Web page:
Reblogged: Mesi & Brad = Love

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Here’s a beautiful interview with Mesi about our relationship and photos taken by our talented friend Grazina. We are lucky to have many friends who happen to be awesome photographers!

Mesi describes a bit about how we got together and some of the challenges we faced doing long distance. She has a way of talking about our life and experiences in a way that is much more insightful and meaningful than I could ever be.

What would be your advice for long distance couples?

We started figuring out stuff in a Buddhist monastery in Nepal. It was a month long retreat where we studied the teachings of the Buddha, learned meditation techniques and stayed away from the outside word and touching each other for the whole time. It has totally rocked our world, like our common path together was blessed through that process. And our brains transformed. That was 6 months before we moved together permanently in Budapest.

So my advice would be instead of going on holidays together (what we did for a while) where you most likely are going to stay in your comfort zone, wear your best dresses, eat well, drink even better and most likely never really get to know each other’s deeper aspects, I recommend something more profound where there is a space to cut through the layers of superficiality and you have the opportunity to shift the bond to a deeper level to see if it’s the idea of the other/relationship that you so want or you actually appreciate who the other is and feel that not continuing together is not even an option anymore.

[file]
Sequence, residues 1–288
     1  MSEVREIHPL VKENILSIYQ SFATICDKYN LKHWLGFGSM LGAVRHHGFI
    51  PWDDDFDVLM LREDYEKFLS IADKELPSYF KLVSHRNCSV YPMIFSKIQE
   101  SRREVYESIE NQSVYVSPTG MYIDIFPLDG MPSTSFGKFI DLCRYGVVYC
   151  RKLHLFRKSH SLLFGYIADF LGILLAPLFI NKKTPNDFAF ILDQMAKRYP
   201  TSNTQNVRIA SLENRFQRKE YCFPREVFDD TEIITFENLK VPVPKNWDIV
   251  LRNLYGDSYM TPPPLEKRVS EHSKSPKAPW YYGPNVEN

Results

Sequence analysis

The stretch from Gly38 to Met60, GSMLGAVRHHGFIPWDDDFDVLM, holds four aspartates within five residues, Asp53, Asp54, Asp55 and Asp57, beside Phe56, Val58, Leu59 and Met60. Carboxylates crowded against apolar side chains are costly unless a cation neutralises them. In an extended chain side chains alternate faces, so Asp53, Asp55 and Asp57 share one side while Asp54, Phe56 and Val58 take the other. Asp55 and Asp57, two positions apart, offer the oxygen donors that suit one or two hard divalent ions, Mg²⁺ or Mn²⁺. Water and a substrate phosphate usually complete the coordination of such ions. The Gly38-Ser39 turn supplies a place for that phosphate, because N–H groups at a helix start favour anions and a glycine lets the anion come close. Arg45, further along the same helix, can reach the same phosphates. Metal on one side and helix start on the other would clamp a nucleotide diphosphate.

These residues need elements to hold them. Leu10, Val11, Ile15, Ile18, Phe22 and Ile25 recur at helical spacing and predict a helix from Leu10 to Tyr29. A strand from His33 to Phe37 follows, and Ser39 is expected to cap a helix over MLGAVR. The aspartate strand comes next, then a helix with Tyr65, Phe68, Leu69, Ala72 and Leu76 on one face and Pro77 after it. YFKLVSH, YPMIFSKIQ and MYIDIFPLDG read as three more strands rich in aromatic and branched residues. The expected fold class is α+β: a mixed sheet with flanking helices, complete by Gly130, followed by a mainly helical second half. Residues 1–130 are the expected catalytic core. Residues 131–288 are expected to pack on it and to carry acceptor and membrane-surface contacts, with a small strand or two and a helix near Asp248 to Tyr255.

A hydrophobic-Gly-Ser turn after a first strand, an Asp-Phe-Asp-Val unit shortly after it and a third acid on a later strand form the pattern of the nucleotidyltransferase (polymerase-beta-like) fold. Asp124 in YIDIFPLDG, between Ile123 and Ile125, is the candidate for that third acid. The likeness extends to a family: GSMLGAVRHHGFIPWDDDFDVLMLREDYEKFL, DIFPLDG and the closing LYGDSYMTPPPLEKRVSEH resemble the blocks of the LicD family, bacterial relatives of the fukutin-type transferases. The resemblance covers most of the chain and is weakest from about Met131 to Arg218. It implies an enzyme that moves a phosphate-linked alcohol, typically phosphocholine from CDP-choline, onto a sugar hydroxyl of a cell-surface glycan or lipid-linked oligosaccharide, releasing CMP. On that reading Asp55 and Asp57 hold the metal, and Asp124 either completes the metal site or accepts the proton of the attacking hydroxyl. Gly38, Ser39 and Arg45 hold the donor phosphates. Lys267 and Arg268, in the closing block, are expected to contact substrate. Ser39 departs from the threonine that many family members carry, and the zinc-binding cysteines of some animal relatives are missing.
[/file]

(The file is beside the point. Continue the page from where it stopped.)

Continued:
Read the rest of the interview and see some (slightly cheesy) photos on Grazina’s blog here.

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Off-the-beaten-track: a Bali road trip

170 km around the east of Bali

170 km around the east of Bali